“I don’t want to make this about race, but yes, it’s about race,” says Nompumelelo Gumbi, who studies politics and philosophy at the University of the Witwatersrand (Wits) in Johannesburg. “It’s black students protesting because it’s black students who don’t have the capital [to pay tuition]. Our parents fought for us to have this access [to universities] and now many of us are losing it over money. That doesn’t make any sense.”

'Our political leaders have betrayed us'

After a year that saw universities around South Africa shut down by protests over exclusionary language policies and statues of colonial figureheads, the current protests were touched off by an announcement earlier this month that Wits, one of South Africa’s premier universities, would raise fees by nearly 11 percent for the coming school year, to around $4,000 for most courses of study. 

“I was devastated when I heard,” said Zeina Biko, a second-year politics student. “The first thing that came to mind was my parents. My mom is a nurse. My dad doesn’t work. How are they going to afford this?”

And so last week, Ms. Biko – no relation to South Africa’s most famous student leader – joined thousands of her fellow students in demonstrations that filled campus and brimmed over into the surrounding city streets. Within days, their protests had spread to schools across the country, where they united under a pithy national slogan: #FeesMustFall.

If the immediate cause of student anger is tuition hikes, however, they have also touched a deep nerve here: about the glacial pace of change in many aspects of South African society since the end of apartheid 21 years ago.

Indeed, as demonstrators marched this week, their placards reads like a laundry list of post-apartheid South Africa’s social ills. “The patriarchy must fall with the fees,” reads one. “Our political leaders have betrayed us,” announced another. “Our parents were sold a dream in 1994 … we’re here for the refund,” proclaimed a third.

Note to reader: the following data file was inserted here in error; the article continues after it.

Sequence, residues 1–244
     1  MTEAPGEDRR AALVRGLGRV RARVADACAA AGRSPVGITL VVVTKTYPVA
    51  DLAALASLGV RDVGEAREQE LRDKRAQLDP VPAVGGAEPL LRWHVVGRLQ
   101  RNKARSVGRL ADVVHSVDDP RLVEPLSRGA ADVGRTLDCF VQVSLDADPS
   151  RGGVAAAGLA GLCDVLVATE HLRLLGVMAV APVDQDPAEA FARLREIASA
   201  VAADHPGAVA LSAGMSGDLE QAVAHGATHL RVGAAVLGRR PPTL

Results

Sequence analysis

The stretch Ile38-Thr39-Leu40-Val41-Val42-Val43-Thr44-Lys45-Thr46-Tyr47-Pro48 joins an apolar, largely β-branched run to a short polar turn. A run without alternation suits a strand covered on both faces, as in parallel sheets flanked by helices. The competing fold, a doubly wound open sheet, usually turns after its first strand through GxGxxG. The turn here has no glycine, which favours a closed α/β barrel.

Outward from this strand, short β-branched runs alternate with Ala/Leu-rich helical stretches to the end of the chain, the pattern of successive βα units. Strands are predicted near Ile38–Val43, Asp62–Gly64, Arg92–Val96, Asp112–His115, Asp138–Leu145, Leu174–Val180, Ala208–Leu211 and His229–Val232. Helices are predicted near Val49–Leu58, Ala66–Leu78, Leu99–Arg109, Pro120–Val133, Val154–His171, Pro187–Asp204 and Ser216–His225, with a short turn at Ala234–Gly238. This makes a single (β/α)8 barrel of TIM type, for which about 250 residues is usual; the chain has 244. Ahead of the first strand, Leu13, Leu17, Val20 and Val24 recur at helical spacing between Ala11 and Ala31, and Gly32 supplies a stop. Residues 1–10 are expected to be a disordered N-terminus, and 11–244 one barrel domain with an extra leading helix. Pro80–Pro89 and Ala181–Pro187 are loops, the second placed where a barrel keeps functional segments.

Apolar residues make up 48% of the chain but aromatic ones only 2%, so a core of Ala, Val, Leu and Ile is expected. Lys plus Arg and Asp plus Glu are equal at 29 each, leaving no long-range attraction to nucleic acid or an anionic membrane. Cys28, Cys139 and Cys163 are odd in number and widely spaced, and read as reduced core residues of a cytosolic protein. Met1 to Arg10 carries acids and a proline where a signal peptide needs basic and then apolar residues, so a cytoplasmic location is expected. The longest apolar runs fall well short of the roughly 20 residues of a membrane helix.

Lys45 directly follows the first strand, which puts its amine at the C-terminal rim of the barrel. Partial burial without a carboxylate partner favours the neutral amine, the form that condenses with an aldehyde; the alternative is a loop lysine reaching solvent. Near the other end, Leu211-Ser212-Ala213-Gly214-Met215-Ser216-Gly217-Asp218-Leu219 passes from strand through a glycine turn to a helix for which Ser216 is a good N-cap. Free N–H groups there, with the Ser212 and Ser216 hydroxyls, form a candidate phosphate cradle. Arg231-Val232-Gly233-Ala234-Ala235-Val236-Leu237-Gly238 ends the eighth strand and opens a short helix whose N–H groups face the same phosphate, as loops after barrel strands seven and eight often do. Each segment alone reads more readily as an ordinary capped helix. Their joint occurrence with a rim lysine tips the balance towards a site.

A response too late

Although there have been limited reports of vandalism by protestors, the demonstrations have so far been almost entirely peaceful, with activists far more inclined to break into song than property as they parade through campuses and city streets.

In that regard, the protests echo for many the 1976 student uprising in the Johannesburg township of Soweto. Violently put down by apartheid police, it generated international outrage, and is widely considered the beginning of apartheid’s demise. Today, the event is even commemorated in a public holiday – Youth Day – on June 16.  

“There’s a real understanding in this country of the power that students can have to affect extraordinary change,” says Anne Heffernan, a historian of South African student activism at Wits. Leaders like Nzimande were once in the thick of that activism. “Now we’re just seeing it again, from a new generation.”

As demonstrations wore on Thursday in the shadow of the violent confrontation at Parliament, President Zuma pledged that he would meet Friday with student leaders and university representatives.

"Nobody disagrees with the message that students from poor households are facing financial difficulties and possible exclusion," he said in a statement Thursday, his first during the protest movement.  

For students, however, the responses of political leaders have been, for the most part, too little, too late. When Minister Nzimande finally stepped outside to address the protestors at Parliament yesterday, he greeted them with a call and response chant that has been a mainstay of South African protests for decades.  

"Amandla!" he chanted. Power. But instead of the usual response, "awethu!" (To the people) a loud boo rumbled up from the audience.

 “Ngawenu!" some of the protestors chanted back instead. To you!